It’s a strange but true fact that we are often held captive by our culture. For example, in the West, we believe truth is usually black or white.
I was sitting in a lecture hall at Yale University, scratching my head, trying to decipher Dr. “Freddy” Wang’s accent. “Chinese is wery ahm-big-oo-us.” Forty of us were there to learn Mandarin, courtesy of the Air Force. NSA would then train us to spy on the Chinese mainland. Anyway, after his lecture, we were laughing at Freddy’s repeated attempts to say, “Very ambiguous.”
Years later it dawned on me. In that phrase, our professor was sharing with us the wisdom of his ancient culture. We johnny-come-lately westerners are clueless about the oriental insight into the dynamics of ambiguities such as yin and yang. Webster’s defines ambiguous as” having two or more possible meanings. In the West, we keep trying to force reality into “‘either…or,” a rather static view of the world and the Word.
English has many synonyms for ambiguous. Paradox is one. Dialectic is another. The dialectic method holds that two contrasting ideas (dualities) may be in tension with each other, to reconcile the two into one new meaning, called synthesis. In simple terms it means life is not always “either… or.” Sometimes it is “both…and. Our Christian faith has such ambiguities. Not convinced? How do you answer these questions?
- Is Jesus man or God?
- Is God one or three?
- Are we saved by God’s grace or by our faith?
- Are we going to be judged by our faith or our works?
- Is salvation a present or future reality?
- Which testament portrays God’s true nature, the Old or the New?
- Does God judge us in our sins or extend forgiveness?
Congratulations if you answered “both” to all seven. Paradoxes like these have sadly been the cause for dividing Christians for centuries. Often it’s because the western mind fails to grasp what the eastern mind does–reality is not always a one-edged thing. Sometimes it has two-edges, as we see in this passage, “God’s word is living and active, as sharp as a two-edged sword, dividing asunder soul and spirit, where joints and marrow join, for God’s word judges a person’s thoughts and intentions.” –Heb. 4:12.
Did you notice the five underlined pairs? They are dualities. I believe the inspired writer put them there purposely, to help us see truth often has two edges—two contrasting ideas in harmony with each other. This insight helps us resolve so-called discrepancies found in Scripture. It also may help us reconcile doctrinal controversies.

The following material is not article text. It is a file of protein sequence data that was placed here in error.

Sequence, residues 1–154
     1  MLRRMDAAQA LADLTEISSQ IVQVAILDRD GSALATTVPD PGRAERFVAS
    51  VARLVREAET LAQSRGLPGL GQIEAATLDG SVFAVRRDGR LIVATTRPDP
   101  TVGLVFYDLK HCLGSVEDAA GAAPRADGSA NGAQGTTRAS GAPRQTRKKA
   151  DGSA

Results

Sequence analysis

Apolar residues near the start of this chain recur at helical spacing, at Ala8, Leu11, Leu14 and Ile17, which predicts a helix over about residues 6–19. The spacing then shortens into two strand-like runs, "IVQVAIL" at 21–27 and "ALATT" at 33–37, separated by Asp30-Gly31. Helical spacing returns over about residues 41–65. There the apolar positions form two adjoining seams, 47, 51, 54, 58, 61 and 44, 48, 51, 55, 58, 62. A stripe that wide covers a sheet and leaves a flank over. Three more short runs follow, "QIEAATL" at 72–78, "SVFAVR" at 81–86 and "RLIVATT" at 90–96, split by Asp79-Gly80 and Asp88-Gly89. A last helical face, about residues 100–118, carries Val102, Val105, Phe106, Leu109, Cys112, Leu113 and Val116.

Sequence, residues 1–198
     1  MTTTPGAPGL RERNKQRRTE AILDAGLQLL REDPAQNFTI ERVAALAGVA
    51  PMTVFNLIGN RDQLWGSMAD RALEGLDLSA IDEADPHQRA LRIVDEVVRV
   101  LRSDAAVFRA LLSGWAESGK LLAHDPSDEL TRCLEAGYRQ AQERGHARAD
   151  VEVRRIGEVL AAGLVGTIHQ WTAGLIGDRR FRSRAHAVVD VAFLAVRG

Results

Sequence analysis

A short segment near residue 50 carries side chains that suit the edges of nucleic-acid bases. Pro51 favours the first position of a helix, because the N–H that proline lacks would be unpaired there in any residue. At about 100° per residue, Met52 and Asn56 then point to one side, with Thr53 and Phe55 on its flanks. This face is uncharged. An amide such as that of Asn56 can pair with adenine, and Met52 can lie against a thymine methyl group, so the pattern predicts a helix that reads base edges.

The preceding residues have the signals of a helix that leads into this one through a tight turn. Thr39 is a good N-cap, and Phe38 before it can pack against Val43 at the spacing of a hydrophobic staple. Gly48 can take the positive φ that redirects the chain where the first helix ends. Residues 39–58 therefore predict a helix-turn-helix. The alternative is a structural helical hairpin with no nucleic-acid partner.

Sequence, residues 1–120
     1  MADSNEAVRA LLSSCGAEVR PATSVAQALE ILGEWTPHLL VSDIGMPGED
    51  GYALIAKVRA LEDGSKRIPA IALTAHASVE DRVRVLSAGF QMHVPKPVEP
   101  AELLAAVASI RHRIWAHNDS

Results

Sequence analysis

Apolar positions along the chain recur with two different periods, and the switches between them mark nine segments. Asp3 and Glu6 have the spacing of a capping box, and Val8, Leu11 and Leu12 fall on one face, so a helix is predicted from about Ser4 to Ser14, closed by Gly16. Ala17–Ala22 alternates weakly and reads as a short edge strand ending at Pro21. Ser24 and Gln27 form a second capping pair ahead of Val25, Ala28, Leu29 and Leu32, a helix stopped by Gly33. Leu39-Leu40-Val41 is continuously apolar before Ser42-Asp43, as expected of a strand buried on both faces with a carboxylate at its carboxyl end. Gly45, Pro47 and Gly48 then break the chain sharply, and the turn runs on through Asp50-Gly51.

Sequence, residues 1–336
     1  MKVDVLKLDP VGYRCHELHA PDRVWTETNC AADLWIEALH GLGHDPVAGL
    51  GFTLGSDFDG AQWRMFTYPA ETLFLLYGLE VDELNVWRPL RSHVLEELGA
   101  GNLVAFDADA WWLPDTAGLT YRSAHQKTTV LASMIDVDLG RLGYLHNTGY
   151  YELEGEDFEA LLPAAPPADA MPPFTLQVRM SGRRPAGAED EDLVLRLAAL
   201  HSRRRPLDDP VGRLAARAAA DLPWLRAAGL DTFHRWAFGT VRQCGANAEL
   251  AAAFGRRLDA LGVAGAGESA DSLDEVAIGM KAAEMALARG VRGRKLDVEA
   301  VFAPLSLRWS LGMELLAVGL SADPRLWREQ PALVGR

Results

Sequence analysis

Consider two passages, quoted by opposing sides of one such controversy. “I have written these things that you may know you have eternal life – 1 John 5: 13. “How can those who abandon their faith be brought back to repent?”-Heb. 6:4. It’s tempting for one who is zealous for his doctrinal position, to twist a text to make it agree with his view, or to manipulate one to disprove the other. But why not let God’s Word be His Word? ”Let God be true and every man a liar– Romans 3.4. We can solve the dilemma when we hold these two truths in tension with each other. We are not forced to choose one over the other.
Once on a long car trip, I sat between two pastors. Each of them was as dogmatic as the other, heatedly arguing Calvinism vs. Arminianism, proof texting their positions from Scripture. After many miles of this, I finally spoke up. “You know, I believe you are actually both right. But is it “right” to let your doctrinal views come between you as brothers?”
Many church splits have been caused by these kinds of disputes. How sad, when the inspired Word clearly states, “Be in harmony; show love for one another; be united in spirit and agree with one mind”– Phil, 2.2. Brothers, in the name of our Lord Jesus the Messiah,[o] I urge all of you to be in agreement[p] and not to have divisions among you, so that you may be perfectly united in your understanding and opinions. –I Cor. 1.10
Paul is just following Jesus when he made this fervent prayer before his passion. ”Father, may they all be one, as you and I are one…may they have such perfect unity that the world will know you sent me.”–John 17.21-23.
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